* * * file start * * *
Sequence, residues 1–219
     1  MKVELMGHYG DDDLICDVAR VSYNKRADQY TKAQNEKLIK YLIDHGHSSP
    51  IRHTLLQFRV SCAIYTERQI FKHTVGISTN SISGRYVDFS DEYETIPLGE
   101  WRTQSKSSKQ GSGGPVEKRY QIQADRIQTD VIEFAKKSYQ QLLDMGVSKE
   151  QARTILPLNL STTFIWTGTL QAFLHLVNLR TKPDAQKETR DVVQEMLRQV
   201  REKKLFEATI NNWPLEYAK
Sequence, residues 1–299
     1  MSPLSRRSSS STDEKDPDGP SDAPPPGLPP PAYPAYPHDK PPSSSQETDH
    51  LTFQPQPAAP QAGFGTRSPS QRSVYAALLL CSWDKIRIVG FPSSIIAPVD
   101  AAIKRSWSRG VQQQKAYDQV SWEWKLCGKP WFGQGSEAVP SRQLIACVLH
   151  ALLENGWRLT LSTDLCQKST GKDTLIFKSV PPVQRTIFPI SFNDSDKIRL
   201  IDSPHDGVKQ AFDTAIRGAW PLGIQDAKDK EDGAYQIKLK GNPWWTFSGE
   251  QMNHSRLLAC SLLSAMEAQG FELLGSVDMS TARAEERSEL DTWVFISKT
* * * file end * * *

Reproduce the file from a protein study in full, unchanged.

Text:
Sequence, residues 1–219
     1  MKVELMGHYG DDDLICDVAR VSYNKRADQY TKAQNEKLIK YLIDHGHSSP
    51  IRHTLLQFRV SCAIYTERQI FKHTVGISTN SISGRYVDFS DEYETIPLGE
   101  WRTQSKSSKQ GSGGPVEKRY QIQADRIQTD VIEFAKKSYQ QLLDMGVSKE
   151  QARTILPLNL STTFIWTGTL QAFLHLVNLR TKPDAQKETR DVVQEMLRQV
   201  REKKLFEATI NNWPLEYAK
Sequence, residues 1–299
     1  MSPLSRRSSS STDEKDPDGP SDAPPPGLPP PAYPAYPHDK PPSSSQETDH
    51  LTFQPQPAAP QAGFGTRSPS QRSVYAALLL CSWDKIRIVG FPSSIIAPVD
   101  AAIKRSWSRG VQQQKAYDQV SWEWKLCGKP WFGQGSEAVP SRQLIACVLH
   151  ALLENGWRLT LSTDLCQKST GKDTLIFKSV PPVQRTIFPI SFNDSDKIRL
   201  IDSPHDGVKQ AFDTAIRGAW PLGIQDAKDK EDGAYQIKLK GNPWWTFSGE
   251  QMNHSRLLAC SLLSAMEAQG FELLGSVDMS TARAEERSEL DTWVFISKT